An Air-Centric View

Airmen hold a different concept of victory.  Legend has it that the promise of airpower showed a way to not repeat the horrors of World War I’s trenches, by allowing strike against the enemy’s rear areas without the tedious business of fighting over every inch of ground to get there.  Giulio Douhet’s Command of the Air had an influence on airpower theorists from Billy Mitchell to John A. Warden, postulating that strategic strikes against the enemy’s homeland could prove decisive.  Clausewitz has his place here, although the focus is on multiple centers of gravity rather than just one.  In this construct, air forces can bring pain and destruction over the heads of the ground forces and beyond.  Thus, enemy centers of gravity can be attacked directly and rapidly and the time-honored methods used by massed armies since Jericho are obsolete.

He-111 over London’s East End, 7 September 1940. Credit: Imperial War Museum.

Attacking critical targets is what combat airpower does.  Bombers and fighters can deliver precision weapons against carefully selected targets intended to affect the enemy’s entire warfigthing construct.  Deeply embedded in airpower theory is that the destruction of key targets can affect not only the enemy’s ability to fight, but the will to fight.  Under this vision, an enemy subjected to an attack that dismantles his warfighting system will suffer a critical loss of will.  This vision has not always proven to be valid, but it has enough historical validity (e.g., Japan, Serbia) that it remains.  As long as you buy into this theory, strategic attack is the name of the game, allowing air forces to avoid the messy tactical fight over key pieces of terrain, and to achieve “war-winning” effects. Indeed, the reason for a number airpower tasks is to keep the land component in the fight long enough for the air forces to win the war.  Ideally, the ground component can keep the airfields protected from attack while airpower does its work.  In this vision, any airpower diverted from strategic attack is a sacrifice that doesn’t contribute to victory.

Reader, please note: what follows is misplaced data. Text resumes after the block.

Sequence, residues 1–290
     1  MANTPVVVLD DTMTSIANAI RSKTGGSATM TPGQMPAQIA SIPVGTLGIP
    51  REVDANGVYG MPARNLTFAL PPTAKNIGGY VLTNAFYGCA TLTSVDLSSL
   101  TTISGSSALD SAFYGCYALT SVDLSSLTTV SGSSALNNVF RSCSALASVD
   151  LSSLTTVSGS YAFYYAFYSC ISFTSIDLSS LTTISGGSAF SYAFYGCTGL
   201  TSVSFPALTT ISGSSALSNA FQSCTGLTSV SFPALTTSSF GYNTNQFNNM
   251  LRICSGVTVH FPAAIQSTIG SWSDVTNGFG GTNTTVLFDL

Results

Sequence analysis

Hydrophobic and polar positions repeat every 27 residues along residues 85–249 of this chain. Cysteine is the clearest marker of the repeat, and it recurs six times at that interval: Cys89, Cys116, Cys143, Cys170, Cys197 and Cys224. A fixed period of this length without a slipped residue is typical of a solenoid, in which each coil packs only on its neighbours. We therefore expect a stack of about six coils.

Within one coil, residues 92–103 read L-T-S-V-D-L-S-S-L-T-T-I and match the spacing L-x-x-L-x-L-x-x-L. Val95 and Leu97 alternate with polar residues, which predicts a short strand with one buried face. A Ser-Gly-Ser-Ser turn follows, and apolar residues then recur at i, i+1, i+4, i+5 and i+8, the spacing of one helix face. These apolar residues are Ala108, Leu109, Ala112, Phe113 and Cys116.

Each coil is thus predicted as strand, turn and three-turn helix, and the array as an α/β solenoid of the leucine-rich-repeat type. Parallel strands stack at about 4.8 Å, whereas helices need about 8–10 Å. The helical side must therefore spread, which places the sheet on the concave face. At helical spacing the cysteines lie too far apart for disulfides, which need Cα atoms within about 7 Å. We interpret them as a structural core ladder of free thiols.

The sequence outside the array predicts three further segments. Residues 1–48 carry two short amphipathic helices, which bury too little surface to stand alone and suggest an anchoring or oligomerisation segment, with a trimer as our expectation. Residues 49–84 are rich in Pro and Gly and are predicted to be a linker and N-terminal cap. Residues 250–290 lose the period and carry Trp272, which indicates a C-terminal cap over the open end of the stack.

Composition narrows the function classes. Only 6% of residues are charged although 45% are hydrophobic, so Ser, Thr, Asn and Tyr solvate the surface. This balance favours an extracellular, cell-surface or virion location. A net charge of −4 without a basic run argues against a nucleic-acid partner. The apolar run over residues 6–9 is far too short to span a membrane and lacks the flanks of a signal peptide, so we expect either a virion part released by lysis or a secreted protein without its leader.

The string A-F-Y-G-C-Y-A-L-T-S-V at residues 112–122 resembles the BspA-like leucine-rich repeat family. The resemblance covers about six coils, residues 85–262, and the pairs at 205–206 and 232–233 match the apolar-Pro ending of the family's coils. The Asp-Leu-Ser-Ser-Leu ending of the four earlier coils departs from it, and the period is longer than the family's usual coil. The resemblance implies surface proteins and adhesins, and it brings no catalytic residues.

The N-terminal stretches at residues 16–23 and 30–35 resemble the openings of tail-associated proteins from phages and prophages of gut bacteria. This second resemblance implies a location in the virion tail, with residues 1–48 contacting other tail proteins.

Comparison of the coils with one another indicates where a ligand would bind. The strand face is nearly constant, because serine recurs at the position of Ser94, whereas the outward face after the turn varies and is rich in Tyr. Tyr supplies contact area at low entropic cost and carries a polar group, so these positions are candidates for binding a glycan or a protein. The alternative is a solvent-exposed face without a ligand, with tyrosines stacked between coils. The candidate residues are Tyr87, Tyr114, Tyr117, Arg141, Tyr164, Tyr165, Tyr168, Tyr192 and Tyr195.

Selective Memories

Therein lies the conflict.  The soldier’s view of victory requires that airpower be used to the maximum extent to support the Army, so that it can achieve victory by seizing terrain.  The airman’s view is that the Air Force can take a shortcut to victory if the Army can hold out long enough.  These views matter because they directly affect how airpower is allocated to missions.  For the Army, any sortie not dedicated to ground force support is, from a land-centric view of victory, wasted.  For the air component, sorties dedicated to directly support the ground fight are sorties that may be necessary, but which do not hasten the end of the war.  These opposing points of view are at the heart of many a disagreement—and the basis for the oft-heard (and complete false) criticism that the Air Force “doesn’t care about close air support.”  At the extreme ends, the opposing perspectives are provincial, narrow and ignorant of historical experience.